Pregnant Women Need to be Provided with More Information Prior to Delivery

John Fisher
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Stopping Medical Injustice

According to a recent survey, many pregnant women are undergoing medical procedures and allowing invasive interventions prior to and during delivery, such as induced labors and cesarean sections, without being informed of possible risks and complications.  The survey, which was conducted by a nonprofit called Childbirth Connection, asked 2,400 women who had recently given birth questions about induced labor and cesarean sections. 

 

This survey identified several areas where care for pregnant women failed to follow established guidelines.  Unfortunately, it is common for convenience to take priority over the best outcomes.  The less predictable schedule of mothers and babies has been sacrificed for doctors and hospitals using the timetable that is more convenient for them.  Women need to take an active role in their care so that they receive the best possible care for themselves and their babies.  To do this they need access to trustworthy information about interventions and what the benefits and harms such actions could result in. 

 

The survey showed that 41 percent of the women had induced labor.  One of the reasons given for having their labor induced was the concern that the baby might be getting too large or that the mother had reached her due date.  Research has shown however that neither of these reasons on its own warrants induction.  Additionally, about 25 percent of the women who had labor induced said they were pressured by to undergo the procedure by their health care provider.

 

It was also indicated by the survey that one intervention can lead to others.  Of first time mothers, about 75 percent had their labor induced and was given an epidural analgesia.  Of this group of women, about 33 percent ended up having a cesarean section even when it was not medically necessary.  This is compared to only five percent of the women who were not medically induce nor given an epidural, ended up having a cesarean section.

 

Another area where intervention was more common was when a woman had previously delivered a baby by cesarean section.  Almost 50 percent of those women stated that they would have like to have attempted to have delivered their next baby vaginally.  However, many were denied this possibility because either their doctor or their hospital refused to allow them the option.  Guidelines now encourage vaginal births after cesarean sections given the growing researcher that highlights the potential risks multiple cesarean births could bring.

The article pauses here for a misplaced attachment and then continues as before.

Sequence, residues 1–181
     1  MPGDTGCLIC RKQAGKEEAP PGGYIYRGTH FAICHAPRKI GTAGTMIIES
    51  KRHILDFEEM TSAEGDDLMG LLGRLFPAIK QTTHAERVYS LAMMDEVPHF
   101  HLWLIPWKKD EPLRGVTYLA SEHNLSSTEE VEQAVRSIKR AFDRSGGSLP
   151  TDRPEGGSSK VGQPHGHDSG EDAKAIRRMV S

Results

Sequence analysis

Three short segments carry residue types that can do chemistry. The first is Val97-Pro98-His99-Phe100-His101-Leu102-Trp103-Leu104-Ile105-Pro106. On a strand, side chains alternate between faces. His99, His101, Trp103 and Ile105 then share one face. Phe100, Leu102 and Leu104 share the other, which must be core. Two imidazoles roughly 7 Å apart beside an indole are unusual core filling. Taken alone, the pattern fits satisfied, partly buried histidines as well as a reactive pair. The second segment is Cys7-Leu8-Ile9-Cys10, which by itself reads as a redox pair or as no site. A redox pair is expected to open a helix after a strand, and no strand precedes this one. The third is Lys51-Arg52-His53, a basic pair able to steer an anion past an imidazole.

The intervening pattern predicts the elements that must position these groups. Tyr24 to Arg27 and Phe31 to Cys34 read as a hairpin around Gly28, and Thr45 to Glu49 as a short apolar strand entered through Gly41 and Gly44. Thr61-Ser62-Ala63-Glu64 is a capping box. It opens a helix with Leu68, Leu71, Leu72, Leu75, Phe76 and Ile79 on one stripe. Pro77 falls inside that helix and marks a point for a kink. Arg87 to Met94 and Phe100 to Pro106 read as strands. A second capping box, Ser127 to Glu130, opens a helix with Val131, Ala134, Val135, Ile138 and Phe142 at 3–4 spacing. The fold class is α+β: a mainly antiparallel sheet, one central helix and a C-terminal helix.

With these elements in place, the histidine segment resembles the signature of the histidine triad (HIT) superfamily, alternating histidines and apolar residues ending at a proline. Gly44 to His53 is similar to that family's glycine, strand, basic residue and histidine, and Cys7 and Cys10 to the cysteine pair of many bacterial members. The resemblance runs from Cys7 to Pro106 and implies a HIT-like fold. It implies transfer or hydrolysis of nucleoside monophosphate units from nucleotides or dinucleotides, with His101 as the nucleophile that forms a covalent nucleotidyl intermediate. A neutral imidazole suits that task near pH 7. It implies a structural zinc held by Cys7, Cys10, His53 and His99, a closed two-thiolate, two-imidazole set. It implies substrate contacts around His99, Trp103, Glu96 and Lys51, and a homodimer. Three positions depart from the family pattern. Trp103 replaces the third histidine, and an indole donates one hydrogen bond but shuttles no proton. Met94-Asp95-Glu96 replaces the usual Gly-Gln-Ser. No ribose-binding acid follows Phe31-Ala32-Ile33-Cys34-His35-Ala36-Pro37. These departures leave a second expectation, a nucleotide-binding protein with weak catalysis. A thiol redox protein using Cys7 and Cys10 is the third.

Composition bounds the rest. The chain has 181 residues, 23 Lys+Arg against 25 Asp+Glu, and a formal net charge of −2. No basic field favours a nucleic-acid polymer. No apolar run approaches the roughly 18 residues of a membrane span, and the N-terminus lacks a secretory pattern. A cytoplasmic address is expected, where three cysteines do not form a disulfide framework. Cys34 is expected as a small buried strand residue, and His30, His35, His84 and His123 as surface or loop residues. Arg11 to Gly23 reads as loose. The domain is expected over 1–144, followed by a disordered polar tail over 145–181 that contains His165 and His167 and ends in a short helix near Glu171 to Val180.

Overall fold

Some other concerning trends included:

 

  • Mothers not spending the first hour of their lives with their baby who was with hospital staff for routine care.
  • Women who wanted to exclusively breastfeed experienced hospital practices that undermined the process (being offered free formula).
  • Many women did not ask questions out of concern of being perceived as difficult, did not want the same maternity care their health care provider wanted, or their provider appeared rushed.
  • Low-risk, drug-free measures to ease labor pain were rarely used by women.
  • Most of the women who had an episiotomy were not included in the decision of whether to undergo the procedure.

 

Mothers need to know all their options prior to going into labor.  When the procedure or intervention (or lack thereof) leads to injury to either the mother or baby, an attorney should be contacted to see if the health care provider should be held accountable.

 

But what do you think?  I would love to hear from you!  Leave a comment or I also welcome your phone call on my toll-free cell at 1-866-889-6882 or you can drop me an e-mail at [email protected] .  You are always welcome to request my FREE book, The Seven Deadly Mistakes of Malpractice Victims, at the home page of my website at www.protectingpatientrights.com

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